Temporary foreign workers from Mexico still coming to P.E.I. farms, agriculture group says
‘There's still a great need for this program’
Despite concerns raised this week, P.E.I. will still be taking in more temporary foreign workers from Mexico, says the P.E.I. Federation of Agriculture.
On Monday, the Mexican ambassador to Canada Juan José Gómez Camacho said the country would not be sending more temporary foreign workers to Canada. This comes after two temporary foreign workers died in the Windsor, Ont. region.
"We've got clarification that Mexico is actually referring to those who have had cases of COVID-19, primarily in southern Ontario, or farms where they've had issues with either the treatment of workers or housing issues," said Robert Godfrey, executive director of the the P.E.I. Federation of Agriculture.
"It's certainly an issue for Canada, but Prince Edward Island is going to be able to receive some more temporary foreign workers from Mexico."
Godfrey said the federation reached out to officials from Agriculture and Agri-Food Canada and the Canadian Federation of Agriculture to get clarification on what the news would mean for P.E.I. farmers.
"There was a lot of concern yesterday morning, especially when the story first broke," Godfrey said. "They're fairly concerned that they weren't going to be able to have those people here to do the work."
'Once they hit a farm there, they're safe'
The option to hire temporary foreign workers is available to Canadian employers who have been unable to recruit Canadian citizens or permanent residents for their job openings. Applicants have to prove through a series of assessments that hiring a temporary foreign worker is their only option.
Last year, 1,400 temporary foreign workers were issued work permits for P.E.I.
And while Mexico's concerns seem to be around safety of workers, Godfrey said he believes P.E.I. is doing a good job to contain COVID-19 among the general population and ensuring the safety of both migrant workers and Islanders.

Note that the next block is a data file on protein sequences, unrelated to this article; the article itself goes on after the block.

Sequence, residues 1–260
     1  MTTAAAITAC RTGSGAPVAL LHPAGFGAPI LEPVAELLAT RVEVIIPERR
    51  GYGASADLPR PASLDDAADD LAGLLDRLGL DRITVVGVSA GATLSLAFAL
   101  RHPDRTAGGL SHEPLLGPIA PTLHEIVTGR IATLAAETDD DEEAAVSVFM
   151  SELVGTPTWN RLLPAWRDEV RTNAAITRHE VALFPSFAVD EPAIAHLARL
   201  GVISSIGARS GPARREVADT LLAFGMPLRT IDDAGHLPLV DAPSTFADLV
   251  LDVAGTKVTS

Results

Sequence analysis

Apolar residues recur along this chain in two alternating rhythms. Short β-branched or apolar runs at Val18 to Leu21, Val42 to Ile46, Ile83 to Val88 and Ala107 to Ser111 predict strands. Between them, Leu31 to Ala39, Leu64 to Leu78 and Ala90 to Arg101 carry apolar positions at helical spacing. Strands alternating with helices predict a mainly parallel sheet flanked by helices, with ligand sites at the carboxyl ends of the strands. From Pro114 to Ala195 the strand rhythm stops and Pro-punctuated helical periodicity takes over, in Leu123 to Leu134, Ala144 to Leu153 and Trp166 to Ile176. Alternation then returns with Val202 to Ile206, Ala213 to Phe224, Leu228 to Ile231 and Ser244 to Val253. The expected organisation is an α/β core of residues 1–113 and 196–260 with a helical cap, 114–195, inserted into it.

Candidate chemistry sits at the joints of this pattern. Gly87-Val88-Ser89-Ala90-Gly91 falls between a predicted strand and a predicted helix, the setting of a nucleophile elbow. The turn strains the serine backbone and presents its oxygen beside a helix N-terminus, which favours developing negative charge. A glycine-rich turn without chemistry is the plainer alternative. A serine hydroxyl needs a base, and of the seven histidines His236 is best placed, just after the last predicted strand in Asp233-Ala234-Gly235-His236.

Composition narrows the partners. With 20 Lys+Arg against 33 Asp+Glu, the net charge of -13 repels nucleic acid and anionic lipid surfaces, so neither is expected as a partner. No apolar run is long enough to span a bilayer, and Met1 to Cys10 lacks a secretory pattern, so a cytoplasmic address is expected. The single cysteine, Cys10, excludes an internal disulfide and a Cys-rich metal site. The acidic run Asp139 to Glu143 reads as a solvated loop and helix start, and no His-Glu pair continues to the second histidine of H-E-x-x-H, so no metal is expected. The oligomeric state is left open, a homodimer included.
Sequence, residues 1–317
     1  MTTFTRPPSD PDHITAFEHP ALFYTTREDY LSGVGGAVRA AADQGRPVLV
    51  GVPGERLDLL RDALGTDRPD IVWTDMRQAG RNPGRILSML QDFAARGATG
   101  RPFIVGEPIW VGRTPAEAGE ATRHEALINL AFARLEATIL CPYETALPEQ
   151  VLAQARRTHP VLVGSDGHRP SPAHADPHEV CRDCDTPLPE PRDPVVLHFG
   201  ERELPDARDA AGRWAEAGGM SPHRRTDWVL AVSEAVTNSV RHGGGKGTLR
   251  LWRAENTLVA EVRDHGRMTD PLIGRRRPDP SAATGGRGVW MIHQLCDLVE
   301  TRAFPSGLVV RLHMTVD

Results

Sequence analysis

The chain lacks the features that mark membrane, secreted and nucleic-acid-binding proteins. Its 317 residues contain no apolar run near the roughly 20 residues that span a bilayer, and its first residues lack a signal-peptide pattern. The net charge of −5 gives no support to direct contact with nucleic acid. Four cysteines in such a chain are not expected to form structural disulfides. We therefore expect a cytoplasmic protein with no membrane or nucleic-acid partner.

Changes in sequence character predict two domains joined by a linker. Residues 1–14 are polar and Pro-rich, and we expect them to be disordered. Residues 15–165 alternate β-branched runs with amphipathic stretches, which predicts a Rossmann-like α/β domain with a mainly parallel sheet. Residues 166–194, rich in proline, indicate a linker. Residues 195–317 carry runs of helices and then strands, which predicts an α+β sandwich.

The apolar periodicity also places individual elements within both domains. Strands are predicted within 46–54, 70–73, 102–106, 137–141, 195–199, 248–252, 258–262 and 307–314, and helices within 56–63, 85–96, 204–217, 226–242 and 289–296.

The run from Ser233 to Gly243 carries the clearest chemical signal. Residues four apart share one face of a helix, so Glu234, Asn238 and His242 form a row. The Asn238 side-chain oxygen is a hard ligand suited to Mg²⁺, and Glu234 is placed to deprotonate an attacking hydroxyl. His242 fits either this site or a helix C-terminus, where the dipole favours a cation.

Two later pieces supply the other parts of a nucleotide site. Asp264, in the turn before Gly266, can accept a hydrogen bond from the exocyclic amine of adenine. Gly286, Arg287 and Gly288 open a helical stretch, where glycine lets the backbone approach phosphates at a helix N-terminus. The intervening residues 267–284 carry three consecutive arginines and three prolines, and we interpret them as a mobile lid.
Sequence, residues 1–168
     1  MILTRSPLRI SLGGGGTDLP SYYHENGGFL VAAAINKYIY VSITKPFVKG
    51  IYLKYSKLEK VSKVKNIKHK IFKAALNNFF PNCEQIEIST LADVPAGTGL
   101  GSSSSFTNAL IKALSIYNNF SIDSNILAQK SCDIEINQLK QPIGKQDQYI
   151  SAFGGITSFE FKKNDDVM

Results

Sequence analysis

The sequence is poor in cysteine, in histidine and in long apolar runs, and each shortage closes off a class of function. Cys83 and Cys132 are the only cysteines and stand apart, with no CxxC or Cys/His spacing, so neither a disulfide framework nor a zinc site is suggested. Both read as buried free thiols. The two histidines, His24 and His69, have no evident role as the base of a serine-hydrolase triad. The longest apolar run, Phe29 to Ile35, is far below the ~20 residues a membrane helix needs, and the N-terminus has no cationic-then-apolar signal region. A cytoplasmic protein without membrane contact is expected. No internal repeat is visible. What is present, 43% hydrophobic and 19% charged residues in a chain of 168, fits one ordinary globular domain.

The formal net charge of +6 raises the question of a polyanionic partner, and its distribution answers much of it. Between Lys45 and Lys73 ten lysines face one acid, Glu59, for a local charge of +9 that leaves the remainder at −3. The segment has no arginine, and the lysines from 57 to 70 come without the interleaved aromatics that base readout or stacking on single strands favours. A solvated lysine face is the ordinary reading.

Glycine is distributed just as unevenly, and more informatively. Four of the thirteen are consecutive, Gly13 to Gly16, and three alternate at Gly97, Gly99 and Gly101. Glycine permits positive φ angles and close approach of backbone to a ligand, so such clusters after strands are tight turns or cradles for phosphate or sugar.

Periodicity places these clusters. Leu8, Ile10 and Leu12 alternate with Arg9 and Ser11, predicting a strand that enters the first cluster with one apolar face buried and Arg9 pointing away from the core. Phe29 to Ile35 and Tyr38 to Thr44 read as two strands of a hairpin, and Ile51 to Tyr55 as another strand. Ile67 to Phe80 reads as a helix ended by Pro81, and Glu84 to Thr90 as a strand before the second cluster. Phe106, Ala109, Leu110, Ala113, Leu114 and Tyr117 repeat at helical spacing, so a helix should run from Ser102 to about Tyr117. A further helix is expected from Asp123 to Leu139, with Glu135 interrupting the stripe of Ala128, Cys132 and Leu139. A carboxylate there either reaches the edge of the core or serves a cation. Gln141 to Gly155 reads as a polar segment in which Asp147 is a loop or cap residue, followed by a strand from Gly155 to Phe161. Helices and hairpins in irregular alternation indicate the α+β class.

"We've set them up in Brudenell, even opening up the resort at Crowbush for a short period of time and they're quarantined for 14 days where you know there's no people coming in and out of the facility," he said.
After workers finish their 14-day isolation, Godfrey said they are picked up and brought to their farm of employment.
"We've done very well in quarantining the disease, so I think that it's unique here," he said. "I'll knock on wood saying this … temporary foreign workers coming into P.E.I., once they hit a farm there, they're safe."
P.E.I. has not reported a new case of COVID-19 in over seven weeks. It's estimated that 300 Mexicans working in Canada have been infected by the novel coronavirus.
No workers means labour shortages
Godfrey said this is the time of year that temporary foreign workers in agriculture are arriving, primarily to work in the harvest of strawberries and other small fruits. P.E.I. typically has 300 temporary foreign workers in agriculture on the ground by June 1.
So far this year, Godfrey said Island farmers have received about 150 workers.
Most workers in agriculture are coming from Mexico and Jamaica, as Canada has an agreement with those countries for seasonal agriculture workers.
"I know one individual, he's got one worker here of 12," Godfrey said.
"I know there are certain farms on Prince Edward Island that are yet to receive their workers at all and I know one operation in particular has gotten none of them in here yet, all of them which come from Mexico."
I think that you'll see our numbers come up, but overall they'll be down— Robert Godfrey, P.E.I. Federation of Agriculture
Godfrey said a lack of temporary foreign workers means critical shortage issues for Island farmers who have come to rely on the labour.
"There's certain farmers in parts of Canada that have just decided that they've been unable to plant a crop without temporary foreign workers ... you need labour in order to put a crop in, to manage their crops and take it out," he said
"If you don't have the labour force there to get those jobs done, you've got serious questions about running your business."
Not enough Islanders
Even with the COVID-19 situation putting many Islanders temporarily off or permanently out of their jobs, Godfrey said the farm labour is grueling and intensive and often involves long days of manual labour.
"I know there's certainly cases where people have opened their eyes to agriculture, which is very encouraging and great, but there still remains a shortage of workers," he said.
"I think there has been some people who have stepped into those roles, but for primary labour there's still a great need for this program."
Godfrey remains optimistic that more workers will arrive.
"I think that you'll see our numbers come up, but overall they'll be down," he said.
"Certainly it's a different year."
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With files from Island Morning, The Canadian Press, Sally Pitt and Kevin Yarr